Barnes would wash out of the NBA by 1980 and for a time was homeless in San Diego. He would be arrested numerous times on possession charges, and would serve time in prison four times. Eventually getting in a drug rehabilitation program, Marvin would get his life in order and become a mentor to kids living in his home town of Syracuse. But a hard life had taken a toll on his body, and he passed away this week due to some serious health complications.
Bob Ryan has written a nice piece about his life and his potential squandered. I like to remember the highlights and the flashes of brilliance instead of what could have been.
But mostly, I like to remember this story. When Barnes was playing for the Spirits of St. Louis, the team was flying to Atlanta. Because of the difference in time zones, the ticket read that the take off time from St. Louis was 8 PM and the arrival time in Atlanta was 7:58 PM. Barnes refused to get on the plane, stating "I ain't getting on no damn time machine," and rented a car to drive to Atlanta.
Rest in Peace Marvin.
Life, the Universe, and Everything Else
When Sports Suck
I know you, dear reader, come to this spot to read something light and easy, but this has been on my mind all week.
I don't know if you know this, but sports really sucked this week. From the Ray Rice fiasco to the AP child endangerment case to another racist owner in the NBA, this has not been the best week for something that is supposed to take our minds off the troubles and travails of real life.
On Friday, the first fifteen minuets of the 5 PM Sports Center consisted of stories of child abuse (which to me is absolutely sickening), domestic abuse (more on this in a second), a racist owner and General Manager in Atlanta, and a failed drug test for PEDs in baseball.
There is something missing from those highlights. Anyone wanna guess?
There is no sports there.
Thus, I have declared this week "The Week that Sports SUCKED." And I primarily blame the NFL. Not the game itself. Not the teams or the players (although one team does come to mind). Not the fans who buy the gear and go to the games and play fantasy football. Not the pundits who yammer on constantly about the integrity of the NATIONAL FOOTBALL LEAGUE and the power and might of THE SHIELD. Nor do I even blame Ray Rice, who is probably a dirt bag of the highest order. The cross-hairs here fall strongly with the league.
While growing in mass appeal and popularity, I have not been a fan of the league for a few years. My reasons have been vast:
- The league allowed my childhood team, the Houston Oilers, to move to Tennessee. Do you know how hard it was to grow up in Texas in the late 80's and early 90's and not be a Cowboy fan?? I was an Oiler fan, awaiting every Sunday during the season for classic match ups with the Steelers and Bengals and Browns. It did not matter that they never won anything or blew the largest lead in a playoff game ever (Frank Reich!!!!!). But it did matter when I could never again buy light blue Oiler gear and show my pride.
- The league treated its former players badly. For those too young to remember, baseball and basketball used to be the most important sports in America. Football was a fledgling sport for the less cultured. Back in the olden days of the sixties and seventies, football players used to have to get jobs in the off season selling cars or working in offices during the off season just to make ends meet. Plus, these players were having horrible things done to their bodies and minds that would leave a generation of football players broke and broken. And when the league finally took off and had bajillions of dollars to spend, none of it has been spent on helping out those players upon who's back the league was built upon.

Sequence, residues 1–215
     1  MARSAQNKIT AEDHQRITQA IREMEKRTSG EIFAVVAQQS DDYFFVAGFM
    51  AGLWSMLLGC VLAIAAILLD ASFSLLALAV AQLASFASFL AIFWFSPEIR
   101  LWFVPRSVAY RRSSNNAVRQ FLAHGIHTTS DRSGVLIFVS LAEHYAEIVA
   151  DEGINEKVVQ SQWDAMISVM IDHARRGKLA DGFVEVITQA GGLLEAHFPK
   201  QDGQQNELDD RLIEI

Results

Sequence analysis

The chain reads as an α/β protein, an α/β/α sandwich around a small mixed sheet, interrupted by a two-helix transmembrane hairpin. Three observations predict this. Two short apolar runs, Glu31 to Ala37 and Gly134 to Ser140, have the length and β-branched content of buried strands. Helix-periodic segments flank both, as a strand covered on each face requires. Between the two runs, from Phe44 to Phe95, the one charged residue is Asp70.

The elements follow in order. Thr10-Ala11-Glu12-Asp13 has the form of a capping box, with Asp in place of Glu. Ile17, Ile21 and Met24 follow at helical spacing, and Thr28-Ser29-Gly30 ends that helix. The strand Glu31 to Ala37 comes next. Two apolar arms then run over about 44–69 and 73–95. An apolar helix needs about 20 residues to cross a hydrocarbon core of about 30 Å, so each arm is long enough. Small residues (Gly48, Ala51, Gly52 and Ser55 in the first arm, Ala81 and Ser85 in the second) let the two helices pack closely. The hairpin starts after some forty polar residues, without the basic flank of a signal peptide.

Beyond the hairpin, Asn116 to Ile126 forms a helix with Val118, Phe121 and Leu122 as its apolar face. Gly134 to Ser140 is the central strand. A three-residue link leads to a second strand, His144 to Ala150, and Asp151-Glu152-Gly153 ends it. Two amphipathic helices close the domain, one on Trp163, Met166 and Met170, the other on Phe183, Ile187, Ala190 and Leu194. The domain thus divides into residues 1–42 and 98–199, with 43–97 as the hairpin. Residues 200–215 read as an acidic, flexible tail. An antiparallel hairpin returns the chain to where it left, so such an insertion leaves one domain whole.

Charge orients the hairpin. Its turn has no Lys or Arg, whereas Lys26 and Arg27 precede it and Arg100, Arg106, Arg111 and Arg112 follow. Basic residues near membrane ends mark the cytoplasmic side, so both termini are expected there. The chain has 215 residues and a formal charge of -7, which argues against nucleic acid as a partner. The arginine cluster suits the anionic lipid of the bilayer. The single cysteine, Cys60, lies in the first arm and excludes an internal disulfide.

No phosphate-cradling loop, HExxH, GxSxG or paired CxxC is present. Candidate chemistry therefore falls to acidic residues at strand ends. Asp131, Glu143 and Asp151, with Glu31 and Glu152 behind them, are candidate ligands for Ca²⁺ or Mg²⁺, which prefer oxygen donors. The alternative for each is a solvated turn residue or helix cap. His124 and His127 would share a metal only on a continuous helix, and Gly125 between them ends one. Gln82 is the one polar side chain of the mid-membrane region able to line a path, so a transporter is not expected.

- The games are boring. Remember when different teams ran different offenses and different types of defenses, like the Run and Shoot in Buffalo or the 46 defense of the 1985 Chicago Bears. Everybody looks exactly the same now. Homogeneity is the name of the game now.
- The myth of safety- Football is a sport played on a fast track by superhuman men who's job is to hurt one another. This is the sport that is supposed to be safe??? All the rules of safety have really just paralyzed the defensive side of the ball and sped up offenses into hyperdrive.
So I have not been a fan for a while. I watched one game last year...the playoff game between San Fransisco and Green Bay in the snow...mostly because I can not turn away from snow. Now I have zero interest.
I am not here to force a debate on domestic abuse. I am not here to call out a league that did the right thing by suspending Ray Rice for two games or two thousand games. What I am going to say is that is league, the sacrosanct National Football League, wanted this Ray Rice thing to go away. Suspending him for two games (while his team did nothing by the way) was wrong, and now fans have no idea how to feel about Rice and his playing time.
In my opinion, by either not viewing the tape, not acquiring the tape, or lying about viewing the tape of the horrific events in the elevator, the NFL conspired to condone an act so vile and disgusting as domestic abuse for the worst motivation: Avarice. Greed. Cash Money. Plain and simple.
This is a league that is worth roughly forty bajallion dollars and could not risk not being worth forty point five. And it did not matter who got hurt. A commissioner...a team....a player...or his wife...who was sold out the most. The league could have helped to protect her, not from the original incident, but from any future incidents in the cycle of violence, and sold her out too for thirty pieces of silver.
Because boycotts do not really work, I am declaring my disinterest in the NFL. I hope you do too.
Feel free to comment or share with me on social media elsewhere
Till Next Week...
(S/O Chris Faulkner)